Significant strides have been made since the introduction DevOps, and technologists continue to to create benefits from ongoing developments. However, despite the advancements made and the benefits derived so far, there’s still a lot to be done to eliminate the core challenges that are prevalent within enterprises.
These challenges still hinder effective work because of tool sprawl, the poor visibility between development teams and operations teams, and manual processes that weaken agility. However, because of progressive advancements, organizations looking to leverage DevOps shouldn’t lose hope.
Over the past decade, we have witnessed exciting DevOps trends that put the field on a path to revolutionize how information technology experts and organizations will go about business in the future. To achieve maximum agility in the next decade, organizations need to get in on the DevOps secret: to consistently get the right work to the right team at the right time.
The following are among the DevOps trends that will allow development and operations teams to get closer to hacking the formula.
Policy Driven Data and Automation
Although much of the investments have been made to double down on DevOps initiatives, the fact of the matter is that downstream processes, which include change management, are still manual and time-consuming. It’s no surprise that developers still must log in, generate change requests, and manually fill out forms find the process rather frustrating. It can be a strained and unnecessary process.
The hope is that manual processes in DevOps will not continue beyond 2020 as they create friction and disrupt the flow between development and operations teams.
Nevertheless, the tide has started to turn as organizations realize true CI/CD by implementing automation in tasks like change management with dynamic controls, policy, and data automation. As automation picks up, developers will realize they are spending less time developing along with deploying apps faster and with improved efficiency.
Tool Sprawl Remains a Challenge but DevOps Management Platforms Will Surface
As cloud and microservices architectures continue their adoption surge, the emergence of new tools is inevitable as different teams and departments require different tools for version control, planning, testing, build automation, deployment, etc.
As the industry moves closer to platforms that streamline management across teams and tools to improve the speed of development and agility, new DevOps trends are emerging. Such platforms also allow IT teams to rapidly accommodate the fast addition of features to software, while at the same time automating the approval process, thus making product development much more efficient and faster, and breaking down known silos.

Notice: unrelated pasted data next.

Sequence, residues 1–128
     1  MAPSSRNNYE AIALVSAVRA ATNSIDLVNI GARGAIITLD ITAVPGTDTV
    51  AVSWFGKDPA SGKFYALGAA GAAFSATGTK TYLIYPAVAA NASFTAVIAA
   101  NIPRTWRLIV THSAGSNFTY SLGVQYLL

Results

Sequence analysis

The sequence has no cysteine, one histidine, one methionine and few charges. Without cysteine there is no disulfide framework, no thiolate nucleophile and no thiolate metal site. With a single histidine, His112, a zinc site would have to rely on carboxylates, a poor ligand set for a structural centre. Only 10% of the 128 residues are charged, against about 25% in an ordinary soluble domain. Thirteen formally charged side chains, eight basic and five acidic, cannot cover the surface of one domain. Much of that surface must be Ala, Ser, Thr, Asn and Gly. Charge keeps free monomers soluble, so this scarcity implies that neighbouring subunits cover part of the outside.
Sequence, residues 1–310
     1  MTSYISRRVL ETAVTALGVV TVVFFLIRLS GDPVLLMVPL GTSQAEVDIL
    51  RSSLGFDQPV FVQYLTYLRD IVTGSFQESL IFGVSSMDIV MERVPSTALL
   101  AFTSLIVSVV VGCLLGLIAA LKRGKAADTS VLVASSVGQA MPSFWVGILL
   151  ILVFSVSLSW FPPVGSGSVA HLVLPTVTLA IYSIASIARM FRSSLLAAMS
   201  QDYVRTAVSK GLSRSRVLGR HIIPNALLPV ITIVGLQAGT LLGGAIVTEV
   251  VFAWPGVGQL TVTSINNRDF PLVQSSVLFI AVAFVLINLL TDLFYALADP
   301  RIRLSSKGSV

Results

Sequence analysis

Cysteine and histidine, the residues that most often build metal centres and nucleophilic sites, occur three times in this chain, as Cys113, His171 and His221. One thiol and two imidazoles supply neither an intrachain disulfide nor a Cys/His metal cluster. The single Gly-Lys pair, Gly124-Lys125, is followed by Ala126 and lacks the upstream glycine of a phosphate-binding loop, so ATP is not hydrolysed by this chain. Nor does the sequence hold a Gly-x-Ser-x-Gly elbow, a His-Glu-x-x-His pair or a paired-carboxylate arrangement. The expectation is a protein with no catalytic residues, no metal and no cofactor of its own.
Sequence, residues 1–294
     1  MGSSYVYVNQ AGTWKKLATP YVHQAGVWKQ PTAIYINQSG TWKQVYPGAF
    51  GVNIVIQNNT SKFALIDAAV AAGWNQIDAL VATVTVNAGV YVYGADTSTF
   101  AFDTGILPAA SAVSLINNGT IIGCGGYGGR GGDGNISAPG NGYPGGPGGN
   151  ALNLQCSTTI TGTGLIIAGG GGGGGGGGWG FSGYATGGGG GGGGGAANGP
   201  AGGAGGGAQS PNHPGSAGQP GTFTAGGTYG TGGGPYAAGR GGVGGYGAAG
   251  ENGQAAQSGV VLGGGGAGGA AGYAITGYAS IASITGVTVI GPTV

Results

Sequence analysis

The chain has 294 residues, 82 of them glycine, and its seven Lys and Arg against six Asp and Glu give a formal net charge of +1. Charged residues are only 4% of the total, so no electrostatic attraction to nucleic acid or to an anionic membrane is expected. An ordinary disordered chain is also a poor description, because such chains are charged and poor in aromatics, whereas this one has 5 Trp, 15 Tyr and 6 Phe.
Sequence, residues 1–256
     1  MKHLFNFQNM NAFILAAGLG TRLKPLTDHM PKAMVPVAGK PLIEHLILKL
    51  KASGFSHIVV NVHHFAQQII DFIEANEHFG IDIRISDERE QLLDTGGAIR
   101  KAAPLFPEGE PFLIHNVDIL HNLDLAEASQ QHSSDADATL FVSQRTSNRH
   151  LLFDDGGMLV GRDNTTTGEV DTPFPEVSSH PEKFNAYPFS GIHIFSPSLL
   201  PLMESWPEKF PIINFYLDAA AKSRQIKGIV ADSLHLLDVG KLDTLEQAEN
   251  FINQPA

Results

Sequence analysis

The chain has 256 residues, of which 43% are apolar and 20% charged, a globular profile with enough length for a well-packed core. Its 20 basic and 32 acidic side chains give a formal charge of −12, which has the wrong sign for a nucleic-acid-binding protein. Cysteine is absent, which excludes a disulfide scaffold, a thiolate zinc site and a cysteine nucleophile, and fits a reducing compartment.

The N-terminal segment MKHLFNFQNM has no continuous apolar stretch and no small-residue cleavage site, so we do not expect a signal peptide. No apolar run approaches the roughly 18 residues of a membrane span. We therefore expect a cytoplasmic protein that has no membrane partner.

Heavy Reliance on AI/ML and Analytics by Organizations to Drive Efficiency and Greater Visibility
Although the last decade has seen tremendous improvements in DevOps trends, limited visibility across all pipelines from development connection to understanding what changed, how it’s testing has been done, knowing its impacts as well assessment of the risk, etc., have remained real hurdles to be resolved. Lack of visibility results in challenges that may include slower approvals, distrust among teams, inefficient processes, and bottlenecks.
But, there’s hope as organizations are beginning to recognize this challenge and are starting to address it. This has been prompted by the realization of the gains from local optimization within departments as time goes by. And as organizations continue in this path, they will increasingly rely on analytics to improve end-to-end visibility and drive efficiency across processes.
Furthermore, they will still rely on analytics to draw data relating to planning, test, repository, performance, and deployment across the DevOps lifecycle and use these insights to understand how they can reduce cycle times, project outcomes, and risks. At the same time, AI and ML will influence the most part in leveraging the insights to better direct work and to fine-tune stage gates and policies, reading from prior performance, and more.
Analytics, at its core, allows IT teams to implement changes at the pace of DevOps trends, while unmatched visibility abetted by ML places IT at the center of the developer’s mindset and culture.
The Bottom Line
The advancements of DevOps in the last decade notwithstanding, much more is expected to take place to realize the true value of DevOps and increase its adoption. The massive number of tools used by IT teams and developers makes it hard for leaders to achieve a holistic view of individual teams. The manual processes paired with the lack of visibility hinders the cultural and behavioral change necessary for success with DevOps trends.
However, as we get into the next decade of DevOps, teams are poised for success if they arm themselves with analytics, automation, and workflow platforms. If you are looking for a trusted DevOps partner to walk the implementation with you, talk to Plumlogix.com (888) 318-8883.